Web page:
The culture of the umbaru of the lower Teganze is fascinating and perplexing to those hailing from more civilized walks of life.
I’ll admit I’m somewhat hesitant to make this post. While I’ve been reading Pat Miller’s Token Minorities blog for some time and was around to witness the backlash to N’Gai Croal’s concern about the first Resident Evil 5 trailer (I agreed with him), race is a topic about which I’m not nearly as well read as gender and sex. That’s not to say I have not read anything, but it’s a topic about which I feel apprehensive precisely because it’s a discussion we rarely seem to actually have. I was able to talk feminism with my mother all day long and it was part of my degree, so gender issues are a comfortable stomping ground.
But let’s discuss it. I also wish to make it perfectly clear that I’m not calling anyone racist–that’s not my intent. Much like with most things I post here, I’m noticing a trend that infiltrates from our own society into the games we play. In other words, I want to add to the discussion over the issue of race and how it is presented in videogames. Racism, like sexism, exists. Unless we discuss it, we can’t really deal with it.
When I saw the first video for Diablo III I was thrilled, sure. I was also somewhat baffled. As Blizzard’s page for the game went live, I devoured the information and was somewhat taken aback when I read the description I put up at the top here. ‘More civilized?’ I suppose I could harken back to the days of Diablo II and remember the Paladin fondly as a civilized, devout man, but this is not that game. Thus far, this is the only instance of a black character I’ve seen, and he’s already being depicted as less civilized.
I realize many talks around the character classes have occurred and it has been stated many times that the design team wanted to create character classes that were instantly recognizable–archetypes. However, one other aspect that is instantly recognizable is a stereotype. In a class on Gender and Media at my alma pater, we discussed depictions of black males in society, and one that frequently came up is as an othered shaman of some degree or another–especially in games. For that we need go no further than Michael LeRoi in Shadow Man (or, alternatively, the Jamaican-speeched trolls in the Warcraft series).
What’s even further confusing upon continuing to read the information we have on the Witch Doctor class is that they do seem to be setting up to be othered with mentions of human sacrifice. Is this troublesome? I realize Blizzard is trying to flesh out a world with all manner of different belief systems, cultures, and a diverse cast of characters. I commend that. However, I become somewhat uneasy when this starts to resemble our own world in many fashions. Why do we replicate our own world with its histories and racial underpinnings when seeking to create diversity in fantasy games? As N’Gai Croal stated in his comments on RE5, there’s a history here.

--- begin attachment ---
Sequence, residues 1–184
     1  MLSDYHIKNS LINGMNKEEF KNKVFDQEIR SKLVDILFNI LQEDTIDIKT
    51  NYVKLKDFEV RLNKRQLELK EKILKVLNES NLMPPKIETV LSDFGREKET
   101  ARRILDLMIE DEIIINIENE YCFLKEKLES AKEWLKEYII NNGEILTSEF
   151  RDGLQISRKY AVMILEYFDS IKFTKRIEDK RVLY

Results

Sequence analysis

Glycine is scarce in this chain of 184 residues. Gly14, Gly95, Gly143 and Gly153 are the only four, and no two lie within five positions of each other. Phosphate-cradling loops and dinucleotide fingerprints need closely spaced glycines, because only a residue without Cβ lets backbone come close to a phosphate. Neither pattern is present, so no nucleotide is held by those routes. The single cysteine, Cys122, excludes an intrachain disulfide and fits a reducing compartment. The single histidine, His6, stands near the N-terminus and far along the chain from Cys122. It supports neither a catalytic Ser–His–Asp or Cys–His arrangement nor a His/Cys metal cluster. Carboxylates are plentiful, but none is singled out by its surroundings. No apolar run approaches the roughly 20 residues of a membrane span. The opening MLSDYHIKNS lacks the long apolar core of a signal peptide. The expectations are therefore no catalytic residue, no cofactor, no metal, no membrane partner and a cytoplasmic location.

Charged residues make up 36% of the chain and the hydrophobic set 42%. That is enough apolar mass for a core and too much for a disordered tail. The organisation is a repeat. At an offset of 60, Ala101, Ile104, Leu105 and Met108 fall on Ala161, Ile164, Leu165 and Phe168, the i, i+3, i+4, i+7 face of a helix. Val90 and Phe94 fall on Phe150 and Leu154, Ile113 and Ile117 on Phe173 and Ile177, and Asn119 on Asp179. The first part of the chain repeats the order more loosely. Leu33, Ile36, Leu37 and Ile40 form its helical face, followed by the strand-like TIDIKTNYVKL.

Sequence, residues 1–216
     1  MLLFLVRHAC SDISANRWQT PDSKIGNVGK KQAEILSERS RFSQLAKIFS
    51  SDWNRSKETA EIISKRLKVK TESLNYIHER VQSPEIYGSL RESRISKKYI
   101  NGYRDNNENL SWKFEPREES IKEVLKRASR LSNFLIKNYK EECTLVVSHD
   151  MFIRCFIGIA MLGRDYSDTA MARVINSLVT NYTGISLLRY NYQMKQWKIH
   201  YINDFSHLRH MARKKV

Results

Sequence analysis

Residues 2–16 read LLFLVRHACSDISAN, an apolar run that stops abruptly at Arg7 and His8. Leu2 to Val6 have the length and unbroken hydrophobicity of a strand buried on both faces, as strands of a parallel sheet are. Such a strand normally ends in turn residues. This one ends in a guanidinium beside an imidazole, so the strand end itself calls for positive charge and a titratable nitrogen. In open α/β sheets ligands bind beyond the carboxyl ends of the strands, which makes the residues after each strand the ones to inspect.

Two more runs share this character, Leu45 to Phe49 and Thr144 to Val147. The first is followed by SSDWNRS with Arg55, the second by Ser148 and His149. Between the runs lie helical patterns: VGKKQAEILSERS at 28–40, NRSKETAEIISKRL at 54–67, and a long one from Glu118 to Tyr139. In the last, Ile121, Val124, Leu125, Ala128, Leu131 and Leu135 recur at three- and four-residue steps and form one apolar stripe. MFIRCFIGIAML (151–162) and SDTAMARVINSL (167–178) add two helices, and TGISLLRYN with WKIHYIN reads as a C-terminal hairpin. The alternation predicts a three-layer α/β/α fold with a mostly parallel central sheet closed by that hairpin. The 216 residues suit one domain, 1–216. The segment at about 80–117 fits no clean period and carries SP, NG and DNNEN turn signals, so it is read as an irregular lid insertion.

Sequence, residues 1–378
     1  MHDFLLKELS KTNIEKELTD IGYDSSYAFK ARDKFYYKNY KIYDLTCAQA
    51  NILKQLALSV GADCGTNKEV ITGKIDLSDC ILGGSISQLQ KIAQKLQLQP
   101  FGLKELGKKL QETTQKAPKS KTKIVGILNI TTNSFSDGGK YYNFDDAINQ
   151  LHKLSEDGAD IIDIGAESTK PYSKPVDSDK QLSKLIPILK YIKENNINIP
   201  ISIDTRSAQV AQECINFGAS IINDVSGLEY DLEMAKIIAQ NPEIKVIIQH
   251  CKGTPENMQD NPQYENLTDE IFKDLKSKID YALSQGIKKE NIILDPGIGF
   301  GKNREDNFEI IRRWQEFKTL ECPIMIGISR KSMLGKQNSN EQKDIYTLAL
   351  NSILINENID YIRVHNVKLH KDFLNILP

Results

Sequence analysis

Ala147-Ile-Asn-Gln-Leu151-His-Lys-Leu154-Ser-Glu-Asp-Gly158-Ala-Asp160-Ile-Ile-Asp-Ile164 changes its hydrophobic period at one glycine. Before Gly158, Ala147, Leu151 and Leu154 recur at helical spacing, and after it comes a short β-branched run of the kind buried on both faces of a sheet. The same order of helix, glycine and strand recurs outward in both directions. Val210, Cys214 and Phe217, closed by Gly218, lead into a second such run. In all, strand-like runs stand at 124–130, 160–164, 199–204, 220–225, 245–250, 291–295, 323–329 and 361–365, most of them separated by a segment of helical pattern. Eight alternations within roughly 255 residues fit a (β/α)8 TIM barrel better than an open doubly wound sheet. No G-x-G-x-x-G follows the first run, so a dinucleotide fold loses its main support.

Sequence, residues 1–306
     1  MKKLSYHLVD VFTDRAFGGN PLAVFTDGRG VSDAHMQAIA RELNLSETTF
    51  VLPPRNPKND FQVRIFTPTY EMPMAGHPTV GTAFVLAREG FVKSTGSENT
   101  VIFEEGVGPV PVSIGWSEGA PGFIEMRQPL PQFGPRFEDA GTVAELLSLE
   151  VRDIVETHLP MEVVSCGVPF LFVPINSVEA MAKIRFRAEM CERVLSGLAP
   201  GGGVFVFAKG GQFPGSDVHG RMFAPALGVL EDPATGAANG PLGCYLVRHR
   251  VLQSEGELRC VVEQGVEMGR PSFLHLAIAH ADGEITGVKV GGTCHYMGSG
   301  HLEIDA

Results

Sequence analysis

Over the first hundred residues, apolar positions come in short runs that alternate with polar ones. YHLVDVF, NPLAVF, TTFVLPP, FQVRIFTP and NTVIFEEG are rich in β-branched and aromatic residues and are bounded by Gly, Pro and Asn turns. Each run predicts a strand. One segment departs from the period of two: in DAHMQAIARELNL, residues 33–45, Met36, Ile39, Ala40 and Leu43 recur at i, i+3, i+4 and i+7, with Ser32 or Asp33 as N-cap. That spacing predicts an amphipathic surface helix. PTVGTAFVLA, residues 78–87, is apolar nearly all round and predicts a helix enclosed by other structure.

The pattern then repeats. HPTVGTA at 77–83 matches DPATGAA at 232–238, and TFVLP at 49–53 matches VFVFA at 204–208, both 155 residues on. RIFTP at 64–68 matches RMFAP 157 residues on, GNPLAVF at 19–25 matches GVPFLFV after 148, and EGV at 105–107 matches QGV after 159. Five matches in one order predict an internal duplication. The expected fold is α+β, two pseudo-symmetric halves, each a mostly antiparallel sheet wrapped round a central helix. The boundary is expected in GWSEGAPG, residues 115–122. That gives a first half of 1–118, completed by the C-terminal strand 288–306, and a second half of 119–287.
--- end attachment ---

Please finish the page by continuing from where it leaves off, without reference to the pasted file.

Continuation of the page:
Included in that history is the way the Witch Doctor carries him or herself. As a male, in the gameplay videos we see him hunched over. The female is carrying herself, very noticeably, upright. The history of dynamics between race, sex, and how we project images unto other people could take up a whole other post, and likely will at some point.
Am I blowing this out of proportion? Possibly. However, much as I pointed out with sexism, racism permeates through all sorts of nooks, crannies, and Grand Canyon sized crevices in our society. How else does one explain people feeling the need to articulate on how articulate and well-spoken Senator Barack Obama is? The note of surprise from some people that a black man can be articulate speaks much to how we see ourselves versus the othered race. So again, a history exists.
What do I make of this? Right now a sense of slight unease, but with the recognition that I have only seen the tiniest portion of this game. I love the idea of a Wall of Zombies, for instance, but I hope that once I see more of this game and world that I can be somewhat relieved. Seeing as we don’t seem to see many black persons in the world of Sanctuary outside of the classes we the players can choose, the representations of them just happen to fall into that realm of more scrutiny by someone who has been, admittedly, trained in ways to recognize this imagery. It might also be intriguing to note that this is written as if from a scholar’s journal, so we may be playing with racial dynamics within the game.
Will this game actually explore racist and classist notions? Will we see some post-colonial discourse occurring? That truly would give the world some flavor and history if done correctly. The Warcraft series already plays with racial identities and tensions somewhat, even if it simplifies it to two opposing factions…
Am I just being too quick to jump the gun on this one? Let me know your thoughts.